2011-02-14 07:58 PM
hugh
Quote:
First, Apple doesn't give a rats behind about market share, they care about profit
Agreed.

But they still sell Shuffles and Nanos that are cheap but highly profitable. Remember when everyone thought $499 for a tablet computer was pretty cheap.

Could Apple make a $200 phone that is still exceptionally profitable?

Frankly, I'm afraid to bet against Apple!
2011-02-14 07:47 PM
Gino Cerullo TorontoColin, I doubt Apple will go that down-market in build quality in pursuit of market share. LG is a budget phone maker. Their build quality is nowhere near Apple's. And they aren't as adverse to low profit margins as Apple is.

Also, this supposed 'iPhone Nano' is supposed to be 1/3 the size of the iPhone 4 putting it at a 2.5" screen at most, that LG is 3.2". Can you imagine? Cramped is a kind description for a touch phone of that size.

(Note: the original Bloomberg story had the phone at 1/3 size. The WSJ story linked above has the size at 1/2. Every time I hear a story about this 'Nano' phone it shrinks in size. Next it will be invisible.)

All the other 2.5" screen phones have a physical keyboard—there is a reason for that. And before you go there, the 'Nano' was described as being a touch screen phone—no physical keyboard.

Seriously, think about the virtual keyboard on a 2.5" touch screen. It would be unusable.

Sorry, there are too many things about this story that don't add up.

• 1/3–1/2 the size of the iPhone 4
• No home button. (iOS is unusable without the Home button)
• $200 price tag

I don't know what the motive is behind this ridiculous story but the fact that the Mobile World Congress Show is on this week makes me think that somebody just wants to mess with there heads.
2011-02-14 07:06 PM
Gino Cerullo Jase88, that might have been true with AT&T when they had an exclusive contract but I doubt it is true today now that the exclusivity is over. And, I doubt it is true anywhere else there isn't an exclusivity contract which is most markets.

As for making money on content sales you are correct but it is very small, maybe 5%–10% after costs. They make up for it in volume though. Remember, many apps are free and they make nothing on them but still have to absorb the storage/bandwidth fees. Small but with 360,000+ apps and 10,000,000,000+ downloads it all adds up.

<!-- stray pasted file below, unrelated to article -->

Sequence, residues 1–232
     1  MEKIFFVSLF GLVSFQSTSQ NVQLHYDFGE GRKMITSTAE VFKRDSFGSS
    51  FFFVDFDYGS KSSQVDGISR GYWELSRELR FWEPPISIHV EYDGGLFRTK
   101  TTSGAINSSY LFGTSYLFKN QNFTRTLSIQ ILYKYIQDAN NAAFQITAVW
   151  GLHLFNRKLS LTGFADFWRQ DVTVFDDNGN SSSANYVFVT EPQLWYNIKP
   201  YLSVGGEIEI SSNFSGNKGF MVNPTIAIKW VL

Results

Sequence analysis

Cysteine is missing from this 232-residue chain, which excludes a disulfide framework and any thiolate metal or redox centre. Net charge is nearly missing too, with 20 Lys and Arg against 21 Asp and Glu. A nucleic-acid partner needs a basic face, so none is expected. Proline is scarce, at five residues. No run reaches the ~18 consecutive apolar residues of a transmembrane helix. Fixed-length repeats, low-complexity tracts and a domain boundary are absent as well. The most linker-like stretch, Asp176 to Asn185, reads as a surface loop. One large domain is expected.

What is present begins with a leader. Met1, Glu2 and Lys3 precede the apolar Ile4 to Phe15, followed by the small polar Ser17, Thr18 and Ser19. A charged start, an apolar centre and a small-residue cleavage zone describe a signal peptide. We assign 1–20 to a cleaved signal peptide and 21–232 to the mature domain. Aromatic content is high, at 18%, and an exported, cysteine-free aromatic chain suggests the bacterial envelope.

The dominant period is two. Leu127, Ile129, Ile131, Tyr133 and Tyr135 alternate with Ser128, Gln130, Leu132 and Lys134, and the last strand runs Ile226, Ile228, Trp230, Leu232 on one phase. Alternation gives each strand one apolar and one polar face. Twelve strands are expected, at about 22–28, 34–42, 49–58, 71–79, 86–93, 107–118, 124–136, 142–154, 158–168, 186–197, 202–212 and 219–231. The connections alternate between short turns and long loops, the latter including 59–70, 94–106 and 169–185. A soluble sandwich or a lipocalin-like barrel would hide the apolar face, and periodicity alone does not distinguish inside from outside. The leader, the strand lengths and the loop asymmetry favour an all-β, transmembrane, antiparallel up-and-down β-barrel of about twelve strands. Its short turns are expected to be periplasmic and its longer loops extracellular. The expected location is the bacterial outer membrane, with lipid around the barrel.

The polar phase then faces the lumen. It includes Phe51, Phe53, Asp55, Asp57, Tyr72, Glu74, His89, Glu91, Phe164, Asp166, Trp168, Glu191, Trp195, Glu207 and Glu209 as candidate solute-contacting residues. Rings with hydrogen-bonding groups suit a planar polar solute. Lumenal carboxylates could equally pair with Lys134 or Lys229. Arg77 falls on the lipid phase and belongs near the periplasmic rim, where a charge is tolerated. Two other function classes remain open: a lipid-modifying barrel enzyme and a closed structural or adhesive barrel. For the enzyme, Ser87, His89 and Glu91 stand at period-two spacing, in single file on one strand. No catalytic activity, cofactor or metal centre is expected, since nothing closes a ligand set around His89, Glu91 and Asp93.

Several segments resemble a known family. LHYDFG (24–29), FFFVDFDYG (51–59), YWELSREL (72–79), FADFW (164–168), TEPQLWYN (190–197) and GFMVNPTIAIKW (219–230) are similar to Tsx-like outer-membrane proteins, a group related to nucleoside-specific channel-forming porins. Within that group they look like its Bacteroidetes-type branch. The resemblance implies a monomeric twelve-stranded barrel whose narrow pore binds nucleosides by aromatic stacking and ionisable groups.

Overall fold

No, that vast majority of Apple's profit on phones is on hardware.
2011-02-14 06:58 PM
TorontoColin LG has managed to release a variant of it's well-reviewed Optimus One Android phone with a 3.2 in screen on numerous carriers and price it around $200 off-contract. If LG can do that then surely Apple can. Consider that Apple would be almost guaranteed to sell more of these than LG, they would not require the numerous minor variations in design and software, and they have their own retail outlets already established. If LG can make profit selling theirs at $200 each, imagine Apple's profits at $250 with higher margins and lower overhead.

Not to mention that they would sell a ton more apps and build their own ecosystem.
2011-02-14 06:52 PM
Jase88 You don't have an understanding of the Apple business model with regards to wireless devices.

Apple doesn't make money off the iphone hardware. They take a cut of the monthly fees for data, as well as their cut from software sales.
2011-02-14 06:41 PM
Gino Cerullo Geez, not this again.

For all the same reasons Microsoft failed with the KIN this will fail also. I don't think Apple is that clueless.

First, Apple doesn't give a rats behind about market share, they care about profit. So, for the same reason they don't make $500 laptops only to turn a $50 profit they won't make $200 phones only to make $20 profit. And if you think that it is even possible to make more than that on the phone you have nowhere further than to look at the price of the iPod Nano 8 GB. It costs $149.

Now, compared to the iPod Nano, a device with at least 3-times the screen size, the addition of a cellular chip, Wi-Fi, Bluetooth and a larger battery, it's going to cost at least three times as much.

Apple already sells a cheap iPhone. It's the previous generation hardware with 8 GB of memory sold on contract for $99. People are not going to pay $200 for the privilege of owning an cramped, unlocked iPhone. Believe me, at 1/3 the size it will be cramped. And even if they could get it on contract for free. It's the data plan that will kill this just like it killed the Microsoft KIN.

If Apple releases this, I swear I will eat yellow snow.
2011-02-14 02:45 PM
TorontoColin I could see something with specs like an iPhone 3G (including the 3.5 in but lower resolution screen) but with everything around the screen shrunk down as the components can be made cheaper, smaller, and more efficient.